What do you all think?
The journal Science has just published details about a new framework for encouraging better scientific research and publishing practices, titled Transparent and Openness Promotion Guidelines. The New York Times has the story here, including a quick description:
The guidelines include eight categories of disclosure, each with three levels of ascending stringency. For example, under the category “data transparency,” Level 1 has the journal require that articles state whether data are available, and if so, where. Level 2 requires that the data be posted to a trusted databank. Level 3 requires not only that data be posted, but also that the analysis be redone by an independent group before publication.
The guidelines come from the Center for Open Science, and scatterplot’s own Jeremy Freese is among the authors. Go Jeremy!
A California court just ruled that Uber drivers are employees. Here’s the (pro-Uber) coverage from Business Insider. Note how the story accepts Uber’s versions of the facts about who counts as an employee:
Continue reading “if your business model requires that your employees not be recognized as employees, maybe you need a new model?”
Two economic graduate students affiliated with Duke’s Center for the History of Political Economy have just released a new working paper on the history of quasi-experimental methods in economics. Panhans and Singleton document the dramatic takeoff of the use of techniques like regression discontinuity, difference-in-difference, and instrumental variables in the top economics journals, and most of its subfields. The paper’s a nice introduction to this history, and for readers unfamiliar with the older approaches, sets up a nice quick contrast between a 1970s “structural” approach to the returns to education vs. a 1990s “quasi-experimental” approach. What really struck me, though, was an ending reflection on the nature of economic imperialism.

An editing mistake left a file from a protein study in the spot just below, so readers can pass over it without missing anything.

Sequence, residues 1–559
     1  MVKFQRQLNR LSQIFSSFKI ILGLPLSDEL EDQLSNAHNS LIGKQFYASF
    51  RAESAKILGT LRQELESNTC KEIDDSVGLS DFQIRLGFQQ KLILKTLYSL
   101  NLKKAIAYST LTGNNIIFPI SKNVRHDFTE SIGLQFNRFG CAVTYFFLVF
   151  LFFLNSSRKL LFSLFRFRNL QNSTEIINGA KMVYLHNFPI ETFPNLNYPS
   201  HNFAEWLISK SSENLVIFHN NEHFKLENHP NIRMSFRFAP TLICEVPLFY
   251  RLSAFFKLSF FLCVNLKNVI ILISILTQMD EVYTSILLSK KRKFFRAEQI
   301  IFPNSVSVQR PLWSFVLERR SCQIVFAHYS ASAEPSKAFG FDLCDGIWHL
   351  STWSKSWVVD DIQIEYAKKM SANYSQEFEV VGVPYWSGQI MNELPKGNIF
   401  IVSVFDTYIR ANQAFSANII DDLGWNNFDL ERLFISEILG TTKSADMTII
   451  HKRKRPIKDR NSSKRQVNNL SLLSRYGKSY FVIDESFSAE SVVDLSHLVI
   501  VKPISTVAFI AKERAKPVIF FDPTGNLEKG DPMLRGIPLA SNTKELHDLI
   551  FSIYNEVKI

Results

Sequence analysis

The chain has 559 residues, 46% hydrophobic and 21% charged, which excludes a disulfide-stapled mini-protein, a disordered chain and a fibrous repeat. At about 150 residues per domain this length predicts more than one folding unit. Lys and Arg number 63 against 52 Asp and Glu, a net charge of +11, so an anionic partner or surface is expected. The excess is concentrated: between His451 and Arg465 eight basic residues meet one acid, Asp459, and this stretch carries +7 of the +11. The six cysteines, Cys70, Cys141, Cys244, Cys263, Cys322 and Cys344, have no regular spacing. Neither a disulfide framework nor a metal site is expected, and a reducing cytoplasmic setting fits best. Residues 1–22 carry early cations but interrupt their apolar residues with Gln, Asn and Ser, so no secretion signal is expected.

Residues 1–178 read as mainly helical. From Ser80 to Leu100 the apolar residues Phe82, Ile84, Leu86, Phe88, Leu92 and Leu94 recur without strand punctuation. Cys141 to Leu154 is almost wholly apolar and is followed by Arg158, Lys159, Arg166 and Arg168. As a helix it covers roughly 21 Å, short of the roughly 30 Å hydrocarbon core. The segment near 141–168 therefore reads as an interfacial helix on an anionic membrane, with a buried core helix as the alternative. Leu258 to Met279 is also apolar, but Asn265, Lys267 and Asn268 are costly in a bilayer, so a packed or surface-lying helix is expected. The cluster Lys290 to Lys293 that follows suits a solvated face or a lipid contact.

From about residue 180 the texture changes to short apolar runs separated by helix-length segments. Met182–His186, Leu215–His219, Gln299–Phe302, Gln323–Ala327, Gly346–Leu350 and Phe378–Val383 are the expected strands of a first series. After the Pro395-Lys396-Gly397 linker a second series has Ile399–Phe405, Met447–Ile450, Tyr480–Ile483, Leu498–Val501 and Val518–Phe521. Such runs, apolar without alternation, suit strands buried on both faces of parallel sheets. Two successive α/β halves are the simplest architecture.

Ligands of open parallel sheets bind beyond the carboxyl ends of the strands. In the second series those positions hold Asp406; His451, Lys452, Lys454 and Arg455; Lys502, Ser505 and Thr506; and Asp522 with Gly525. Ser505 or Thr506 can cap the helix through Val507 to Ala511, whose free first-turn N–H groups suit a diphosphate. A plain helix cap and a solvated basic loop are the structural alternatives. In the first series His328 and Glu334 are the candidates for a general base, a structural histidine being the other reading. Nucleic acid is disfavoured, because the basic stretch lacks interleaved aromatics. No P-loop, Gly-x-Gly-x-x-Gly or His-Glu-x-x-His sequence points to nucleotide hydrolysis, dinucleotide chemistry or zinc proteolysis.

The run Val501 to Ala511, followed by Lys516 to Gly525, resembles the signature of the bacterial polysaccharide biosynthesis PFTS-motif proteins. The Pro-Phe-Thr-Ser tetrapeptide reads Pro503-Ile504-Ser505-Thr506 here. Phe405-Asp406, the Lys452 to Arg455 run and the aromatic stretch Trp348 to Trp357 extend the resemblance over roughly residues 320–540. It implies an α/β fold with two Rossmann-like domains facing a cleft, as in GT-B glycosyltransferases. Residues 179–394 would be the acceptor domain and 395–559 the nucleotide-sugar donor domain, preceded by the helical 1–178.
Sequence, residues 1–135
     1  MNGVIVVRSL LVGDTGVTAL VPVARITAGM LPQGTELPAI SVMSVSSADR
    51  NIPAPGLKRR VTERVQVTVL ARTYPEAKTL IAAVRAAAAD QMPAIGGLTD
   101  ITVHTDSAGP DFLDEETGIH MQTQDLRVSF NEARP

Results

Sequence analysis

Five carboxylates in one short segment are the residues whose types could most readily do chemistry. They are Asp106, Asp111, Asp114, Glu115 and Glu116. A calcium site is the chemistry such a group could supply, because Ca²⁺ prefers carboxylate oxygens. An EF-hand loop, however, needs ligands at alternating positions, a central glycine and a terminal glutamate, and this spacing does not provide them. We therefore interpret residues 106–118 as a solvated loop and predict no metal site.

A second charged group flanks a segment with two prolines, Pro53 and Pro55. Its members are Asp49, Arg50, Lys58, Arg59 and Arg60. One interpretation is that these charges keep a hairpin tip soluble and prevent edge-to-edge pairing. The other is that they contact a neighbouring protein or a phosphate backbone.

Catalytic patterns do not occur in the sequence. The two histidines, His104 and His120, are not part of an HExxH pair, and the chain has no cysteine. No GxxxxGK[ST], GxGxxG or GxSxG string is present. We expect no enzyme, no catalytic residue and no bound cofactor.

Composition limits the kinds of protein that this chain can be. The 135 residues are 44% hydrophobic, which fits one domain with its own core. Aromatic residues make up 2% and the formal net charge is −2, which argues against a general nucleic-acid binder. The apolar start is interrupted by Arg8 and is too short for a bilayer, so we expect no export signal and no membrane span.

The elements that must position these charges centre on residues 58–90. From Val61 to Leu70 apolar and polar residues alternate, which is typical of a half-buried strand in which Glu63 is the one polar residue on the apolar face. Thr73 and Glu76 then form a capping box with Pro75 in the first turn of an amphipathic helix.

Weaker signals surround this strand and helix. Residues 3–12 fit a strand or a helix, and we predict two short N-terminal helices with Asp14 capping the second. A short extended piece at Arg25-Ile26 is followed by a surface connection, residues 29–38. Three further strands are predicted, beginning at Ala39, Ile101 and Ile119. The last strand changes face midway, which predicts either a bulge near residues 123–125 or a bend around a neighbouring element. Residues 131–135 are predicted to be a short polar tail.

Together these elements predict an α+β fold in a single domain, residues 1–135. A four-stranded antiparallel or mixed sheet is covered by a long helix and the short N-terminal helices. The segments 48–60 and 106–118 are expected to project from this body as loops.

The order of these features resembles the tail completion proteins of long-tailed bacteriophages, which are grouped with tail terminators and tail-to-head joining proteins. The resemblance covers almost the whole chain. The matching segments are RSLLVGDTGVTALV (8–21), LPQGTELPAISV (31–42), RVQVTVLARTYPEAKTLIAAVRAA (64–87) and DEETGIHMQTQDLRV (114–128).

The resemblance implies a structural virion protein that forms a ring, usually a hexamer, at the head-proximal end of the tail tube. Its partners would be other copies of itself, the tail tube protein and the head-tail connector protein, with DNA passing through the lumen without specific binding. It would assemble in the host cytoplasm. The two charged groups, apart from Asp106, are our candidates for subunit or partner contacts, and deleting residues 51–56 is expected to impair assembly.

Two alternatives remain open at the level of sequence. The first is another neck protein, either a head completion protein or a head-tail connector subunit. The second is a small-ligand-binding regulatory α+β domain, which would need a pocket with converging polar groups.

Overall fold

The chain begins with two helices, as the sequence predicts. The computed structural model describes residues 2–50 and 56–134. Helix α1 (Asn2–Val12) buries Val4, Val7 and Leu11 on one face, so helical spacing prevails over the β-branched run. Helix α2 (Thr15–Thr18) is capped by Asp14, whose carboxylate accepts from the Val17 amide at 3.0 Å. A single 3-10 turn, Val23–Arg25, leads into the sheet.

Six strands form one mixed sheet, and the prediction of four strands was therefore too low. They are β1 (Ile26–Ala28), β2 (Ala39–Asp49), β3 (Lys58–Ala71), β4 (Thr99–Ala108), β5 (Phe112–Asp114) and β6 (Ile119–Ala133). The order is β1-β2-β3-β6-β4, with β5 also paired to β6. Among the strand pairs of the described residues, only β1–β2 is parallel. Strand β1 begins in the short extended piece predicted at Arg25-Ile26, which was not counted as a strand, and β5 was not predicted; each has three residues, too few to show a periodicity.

Continue reading “the new economic imperialism: methods not models”
The newest issue of the Economic Sociology section newsletter Accounts was just published. The first piece in the issue is a conversation Mark Mizruchi and Jerry Davis about their research on corporate political power and the contemporary capitalism. Unsurprisingly, it’s simultaneously provocative and hilarious. Here’s a snippet:
Mark: You just gave a good example of why democratic management might not be the way to go.
Jerry: Oh, really?
Mark: Yeah, the problem is, if you’re going to run a company democratically you have to spend 20% of your time in meetings.
Jerry: Okay, some of that 20% is HabermasticationTM. Sometimes meetings are worthwhile because you’re sharing information and figuring things out, but sometimes meetings are a waste of time. Some decisions could be more efficient because we have the technology to be more democratic and local than we used to (say, using a voting app). The alternative less-democratic version of that is let’s say Uber, where you use the same technology to create a class of Student Loan Activated Volatile Employment… it’ s an acronym.
Jerry: Yes. In Ann Arbor there must be 5, 000 people driving for Uber this second who are recent sociology undergraduates, who have discovered that they are unemployable but they have to repay their student loans. That’s the digital immiseration version of this technology.
Check it out!